Nursing Students' Perceptions of Barriers to Addressing Patient Sexuality Concerns

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Abstract

ABSTRACT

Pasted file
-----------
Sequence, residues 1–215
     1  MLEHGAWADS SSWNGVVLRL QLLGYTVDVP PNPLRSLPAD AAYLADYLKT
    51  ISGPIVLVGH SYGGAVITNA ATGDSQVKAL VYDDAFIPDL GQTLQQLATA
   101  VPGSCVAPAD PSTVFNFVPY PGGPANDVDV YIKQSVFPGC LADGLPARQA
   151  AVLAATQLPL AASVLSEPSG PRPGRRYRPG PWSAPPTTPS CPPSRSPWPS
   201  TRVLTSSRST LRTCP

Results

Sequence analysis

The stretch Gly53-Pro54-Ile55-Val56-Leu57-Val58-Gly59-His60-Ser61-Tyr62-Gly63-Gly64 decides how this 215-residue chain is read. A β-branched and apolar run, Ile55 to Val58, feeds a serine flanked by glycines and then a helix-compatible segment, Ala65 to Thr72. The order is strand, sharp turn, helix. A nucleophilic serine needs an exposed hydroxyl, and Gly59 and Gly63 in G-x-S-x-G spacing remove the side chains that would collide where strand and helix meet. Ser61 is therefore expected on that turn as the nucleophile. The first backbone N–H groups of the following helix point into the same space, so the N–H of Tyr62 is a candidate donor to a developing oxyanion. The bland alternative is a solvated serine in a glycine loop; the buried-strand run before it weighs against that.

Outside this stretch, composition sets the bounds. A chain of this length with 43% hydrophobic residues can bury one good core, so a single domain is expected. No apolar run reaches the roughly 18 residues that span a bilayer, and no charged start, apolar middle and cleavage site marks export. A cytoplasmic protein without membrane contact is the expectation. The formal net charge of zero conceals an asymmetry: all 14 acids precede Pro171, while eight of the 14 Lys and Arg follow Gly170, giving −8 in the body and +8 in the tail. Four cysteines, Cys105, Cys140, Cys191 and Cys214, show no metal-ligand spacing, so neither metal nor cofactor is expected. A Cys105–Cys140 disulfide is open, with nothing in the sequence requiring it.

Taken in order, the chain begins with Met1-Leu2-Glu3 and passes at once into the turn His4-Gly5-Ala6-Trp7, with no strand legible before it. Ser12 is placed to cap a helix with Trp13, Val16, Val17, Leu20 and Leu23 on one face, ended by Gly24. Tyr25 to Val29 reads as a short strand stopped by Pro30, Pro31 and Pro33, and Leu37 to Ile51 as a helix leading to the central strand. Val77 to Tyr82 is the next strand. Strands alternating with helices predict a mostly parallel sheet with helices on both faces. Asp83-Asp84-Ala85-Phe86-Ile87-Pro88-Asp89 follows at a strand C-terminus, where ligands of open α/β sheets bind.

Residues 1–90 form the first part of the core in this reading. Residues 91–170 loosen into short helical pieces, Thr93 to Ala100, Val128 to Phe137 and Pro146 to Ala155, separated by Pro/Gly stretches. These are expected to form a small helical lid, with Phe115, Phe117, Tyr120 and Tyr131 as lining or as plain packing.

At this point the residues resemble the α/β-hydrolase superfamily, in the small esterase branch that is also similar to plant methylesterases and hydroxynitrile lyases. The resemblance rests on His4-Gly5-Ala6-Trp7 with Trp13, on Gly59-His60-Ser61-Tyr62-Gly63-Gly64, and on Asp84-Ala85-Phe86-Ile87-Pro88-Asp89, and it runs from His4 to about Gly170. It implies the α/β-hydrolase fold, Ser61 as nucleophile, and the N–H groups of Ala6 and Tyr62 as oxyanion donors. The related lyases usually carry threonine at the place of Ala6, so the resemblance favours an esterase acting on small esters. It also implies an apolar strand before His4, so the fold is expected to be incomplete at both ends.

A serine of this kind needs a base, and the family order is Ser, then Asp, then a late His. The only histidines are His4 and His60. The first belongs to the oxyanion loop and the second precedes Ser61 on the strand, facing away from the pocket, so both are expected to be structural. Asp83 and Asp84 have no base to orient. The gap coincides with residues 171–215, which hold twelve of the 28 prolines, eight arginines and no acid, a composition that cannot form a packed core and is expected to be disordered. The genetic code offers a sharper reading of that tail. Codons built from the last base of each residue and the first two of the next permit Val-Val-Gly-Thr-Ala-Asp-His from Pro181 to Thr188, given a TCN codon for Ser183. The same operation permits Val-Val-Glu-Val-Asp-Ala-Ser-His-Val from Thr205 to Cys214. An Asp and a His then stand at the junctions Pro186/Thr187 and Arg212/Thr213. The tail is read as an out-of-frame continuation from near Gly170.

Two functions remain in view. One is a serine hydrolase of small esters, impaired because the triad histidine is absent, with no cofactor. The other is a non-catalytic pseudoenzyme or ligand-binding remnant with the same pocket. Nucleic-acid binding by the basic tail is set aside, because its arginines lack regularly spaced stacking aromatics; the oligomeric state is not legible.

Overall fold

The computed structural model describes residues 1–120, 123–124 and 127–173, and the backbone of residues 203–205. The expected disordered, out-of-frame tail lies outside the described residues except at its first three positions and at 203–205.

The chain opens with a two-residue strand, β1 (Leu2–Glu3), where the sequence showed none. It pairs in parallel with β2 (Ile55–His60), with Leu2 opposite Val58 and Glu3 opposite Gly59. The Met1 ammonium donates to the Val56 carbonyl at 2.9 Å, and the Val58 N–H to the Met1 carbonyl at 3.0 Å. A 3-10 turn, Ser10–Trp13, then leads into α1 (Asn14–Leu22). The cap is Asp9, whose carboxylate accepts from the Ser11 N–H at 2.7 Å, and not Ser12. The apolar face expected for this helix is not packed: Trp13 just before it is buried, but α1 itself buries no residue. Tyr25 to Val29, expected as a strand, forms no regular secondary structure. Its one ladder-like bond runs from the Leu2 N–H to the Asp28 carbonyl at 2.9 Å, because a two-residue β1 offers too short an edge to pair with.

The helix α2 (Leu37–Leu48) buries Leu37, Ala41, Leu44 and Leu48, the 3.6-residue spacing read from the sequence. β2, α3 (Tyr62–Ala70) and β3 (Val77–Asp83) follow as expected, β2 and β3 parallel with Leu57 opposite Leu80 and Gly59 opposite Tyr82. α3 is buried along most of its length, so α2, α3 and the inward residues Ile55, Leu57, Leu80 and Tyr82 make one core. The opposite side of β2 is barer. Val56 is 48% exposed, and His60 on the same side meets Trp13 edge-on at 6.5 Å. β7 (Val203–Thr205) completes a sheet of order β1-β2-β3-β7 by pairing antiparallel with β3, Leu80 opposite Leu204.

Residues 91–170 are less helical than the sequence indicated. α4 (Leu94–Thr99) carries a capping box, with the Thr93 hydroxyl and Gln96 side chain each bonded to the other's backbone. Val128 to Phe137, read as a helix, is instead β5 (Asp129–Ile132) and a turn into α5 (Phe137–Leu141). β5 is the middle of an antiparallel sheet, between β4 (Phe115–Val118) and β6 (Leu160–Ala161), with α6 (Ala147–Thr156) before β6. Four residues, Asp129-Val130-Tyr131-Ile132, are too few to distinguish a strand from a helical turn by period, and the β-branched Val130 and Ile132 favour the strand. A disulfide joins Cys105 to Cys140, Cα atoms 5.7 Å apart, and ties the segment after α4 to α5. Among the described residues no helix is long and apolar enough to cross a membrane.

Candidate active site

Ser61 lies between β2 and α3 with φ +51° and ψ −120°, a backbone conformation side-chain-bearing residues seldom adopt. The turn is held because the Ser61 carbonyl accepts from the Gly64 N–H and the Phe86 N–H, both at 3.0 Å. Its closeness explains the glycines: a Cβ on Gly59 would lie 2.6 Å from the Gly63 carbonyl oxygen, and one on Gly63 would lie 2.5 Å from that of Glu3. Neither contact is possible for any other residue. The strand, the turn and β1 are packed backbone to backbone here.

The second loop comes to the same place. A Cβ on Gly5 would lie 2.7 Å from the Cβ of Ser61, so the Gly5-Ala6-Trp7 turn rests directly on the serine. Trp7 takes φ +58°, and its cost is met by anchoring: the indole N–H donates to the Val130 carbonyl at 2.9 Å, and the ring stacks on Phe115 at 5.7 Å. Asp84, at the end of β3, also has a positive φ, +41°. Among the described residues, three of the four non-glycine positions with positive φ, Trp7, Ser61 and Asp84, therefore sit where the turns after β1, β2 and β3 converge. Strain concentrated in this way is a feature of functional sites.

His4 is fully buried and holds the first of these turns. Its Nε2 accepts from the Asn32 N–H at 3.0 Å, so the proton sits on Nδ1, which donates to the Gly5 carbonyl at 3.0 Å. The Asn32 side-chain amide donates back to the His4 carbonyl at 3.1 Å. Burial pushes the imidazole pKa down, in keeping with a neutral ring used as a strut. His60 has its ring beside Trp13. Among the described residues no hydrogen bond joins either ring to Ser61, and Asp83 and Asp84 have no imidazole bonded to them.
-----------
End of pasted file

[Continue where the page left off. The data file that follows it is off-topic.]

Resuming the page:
Little is known about nursing students' perceptions of barriers to addressing patient sexuality concerns. The twofold purpose of this study was to identify and describe attitudes and beliefs that might act as barriers to addressing patient sexuality concerns and to determine the extent to which these attitudes and beliefs are influenced by personal factors such as age, gender, and education. The Sexuality Attitudes and Beliefs Survey was used to assess students (N = 341) enrolled in either a traditional or accelerated second-degree baccalaureate program. Important barriers to addressing patient sexuality concerns reported by the majority of the students included not making time to address the concerns (67.9%) and believing that patients do not expect nurses to address the concerns (66.4%). Findings also revealed that accelerated second-degree students were more restrictive in their attitudes toward addressing patient sexuality concerns, compared with traditional students. Results of this study have implications for BSN program development and evaluation.

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